One feature that is usually missed in discussion of spinal subluxations and their aetiology is the fact that spinal function occurs in an integrated and co-ordinated manner.
The body is designed to maintain stability of the head, the eyes and the arms while in motion. This feature is a necessary adaptation for any organism that hopes to survive in the wild. In this context it pays to note that humans have spent the vast bulk of our evolution as hunter gatherers, not as chair dwelling keyboard operators.
Of necessity, there is intimate co-ordination between head stabilisation, sacro-iliac joint mobility and foot motion. In this context, it pays to note that proprioceptive (position sense) information fed from the foot to the cerebellum is an essential input to the whole system.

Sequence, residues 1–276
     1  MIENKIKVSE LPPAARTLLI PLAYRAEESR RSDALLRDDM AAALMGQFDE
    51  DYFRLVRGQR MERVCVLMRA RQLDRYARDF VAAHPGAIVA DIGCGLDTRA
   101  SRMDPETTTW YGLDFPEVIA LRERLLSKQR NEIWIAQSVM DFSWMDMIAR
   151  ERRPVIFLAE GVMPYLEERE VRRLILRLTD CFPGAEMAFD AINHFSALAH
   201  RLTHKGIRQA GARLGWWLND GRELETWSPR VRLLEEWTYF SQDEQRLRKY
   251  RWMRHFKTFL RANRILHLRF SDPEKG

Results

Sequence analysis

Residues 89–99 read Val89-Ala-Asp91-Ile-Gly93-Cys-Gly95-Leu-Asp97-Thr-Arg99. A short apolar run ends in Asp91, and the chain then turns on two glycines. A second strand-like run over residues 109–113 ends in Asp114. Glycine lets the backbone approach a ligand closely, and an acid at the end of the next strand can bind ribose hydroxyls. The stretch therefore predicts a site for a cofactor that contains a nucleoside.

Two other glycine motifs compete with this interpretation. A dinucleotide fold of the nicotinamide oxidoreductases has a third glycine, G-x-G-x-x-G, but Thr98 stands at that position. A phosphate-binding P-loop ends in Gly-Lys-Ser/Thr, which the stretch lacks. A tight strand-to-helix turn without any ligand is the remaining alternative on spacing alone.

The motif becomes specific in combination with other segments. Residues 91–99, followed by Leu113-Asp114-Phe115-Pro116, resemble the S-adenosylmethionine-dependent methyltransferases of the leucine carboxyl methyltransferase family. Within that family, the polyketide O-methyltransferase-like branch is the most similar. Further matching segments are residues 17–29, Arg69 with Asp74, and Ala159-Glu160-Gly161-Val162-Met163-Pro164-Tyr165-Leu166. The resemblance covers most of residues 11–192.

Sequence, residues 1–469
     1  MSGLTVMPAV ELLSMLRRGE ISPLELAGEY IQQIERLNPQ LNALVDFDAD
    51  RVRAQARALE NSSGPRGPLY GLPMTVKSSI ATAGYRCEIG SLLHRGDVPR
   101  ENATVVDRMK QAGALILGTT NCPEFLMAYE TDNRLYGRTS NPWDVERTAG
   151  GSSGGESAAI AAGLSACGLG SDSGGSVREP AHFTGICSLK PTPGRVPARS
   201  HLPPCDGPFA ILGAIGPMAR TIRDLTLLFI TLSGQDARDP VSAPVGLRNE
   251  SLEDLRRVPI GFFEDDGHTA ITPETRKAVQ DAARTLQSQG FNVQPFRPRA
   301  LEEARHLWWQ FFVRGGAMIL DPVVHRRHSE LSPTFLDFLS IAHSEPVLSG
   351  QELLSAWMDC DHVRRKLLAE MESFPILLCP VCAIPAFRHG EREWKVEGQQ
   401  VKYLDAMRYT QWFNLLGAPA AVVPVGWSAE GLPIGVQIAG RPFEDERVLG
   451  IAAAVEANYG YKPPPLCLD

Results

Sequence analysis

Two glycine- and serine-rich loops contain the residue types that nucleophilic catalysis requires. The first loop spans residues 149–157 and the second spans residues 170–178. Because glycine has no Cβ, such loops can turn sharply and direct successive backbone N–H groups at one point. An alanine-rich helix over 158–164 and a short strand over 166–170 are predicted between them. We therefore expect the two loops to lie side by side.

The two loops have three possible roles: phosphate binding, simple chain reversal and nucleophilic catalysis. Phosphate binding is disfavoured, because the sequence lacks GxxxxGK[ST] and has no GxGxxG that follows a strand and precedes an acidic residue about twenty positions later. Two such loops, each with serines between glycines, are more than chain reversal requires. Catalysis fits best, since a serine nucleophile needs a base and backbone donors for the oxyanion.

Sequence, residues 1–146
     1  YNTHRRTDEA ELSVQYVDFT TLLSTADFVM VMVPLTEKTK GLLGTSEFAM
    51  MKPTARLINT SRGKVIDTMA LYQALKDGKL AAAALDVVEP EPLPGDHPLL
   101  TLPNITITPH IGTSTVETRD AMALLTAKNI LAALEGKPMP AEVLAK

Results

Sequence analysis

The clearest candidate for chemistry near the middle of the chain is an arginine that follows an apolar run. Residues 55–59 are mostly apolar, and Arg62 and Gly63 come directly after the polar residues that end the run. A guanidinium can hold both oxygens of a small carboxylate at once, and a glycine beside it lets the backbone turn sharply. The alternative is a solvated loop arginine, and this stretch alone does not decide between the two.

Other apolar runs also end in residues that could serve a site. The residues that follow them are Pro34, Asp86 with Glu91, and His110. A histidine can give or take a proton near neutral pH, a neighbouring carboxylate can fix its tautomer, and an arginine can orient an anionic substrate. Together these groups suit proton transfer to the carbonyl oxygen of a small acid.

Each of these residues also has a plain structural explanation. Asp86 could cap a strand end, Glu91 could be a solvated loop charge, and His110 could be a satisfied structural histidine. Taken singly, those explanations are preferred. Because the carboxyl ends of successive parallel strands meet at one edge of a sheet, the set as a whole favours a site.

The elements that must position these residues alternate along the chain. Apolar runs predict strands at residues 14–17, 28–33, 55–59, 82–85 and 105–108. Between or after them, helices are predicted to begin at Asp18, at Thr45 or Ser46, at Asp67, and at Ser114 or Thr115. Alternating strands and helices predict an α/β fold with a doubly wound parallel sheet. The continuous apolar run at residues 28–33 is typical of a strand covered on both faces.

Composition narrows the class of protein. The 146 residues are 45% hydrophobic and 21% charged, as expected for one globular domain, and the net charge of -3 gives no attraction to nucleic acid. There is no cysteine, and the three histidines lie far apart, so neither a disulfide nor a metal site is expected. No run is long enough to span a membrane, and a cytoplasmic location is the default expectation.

While an injury at the atlanto- occipital joint will cause a pelvic tilt, and distortion of the biomechanics of gait and the foot, the reverse is also true:
minor mechanical foot deformities can have bottom up effects that can lead to occipitocervical problems. In fact the temporo-mandibular joint is also affected as a part of this system.
The aspect of foot involvement in the functioning of the atlanto-occipital joint has been comprehensively addressed by Prof/Dr Brian Rothbart.
His material can be accessed at his own website: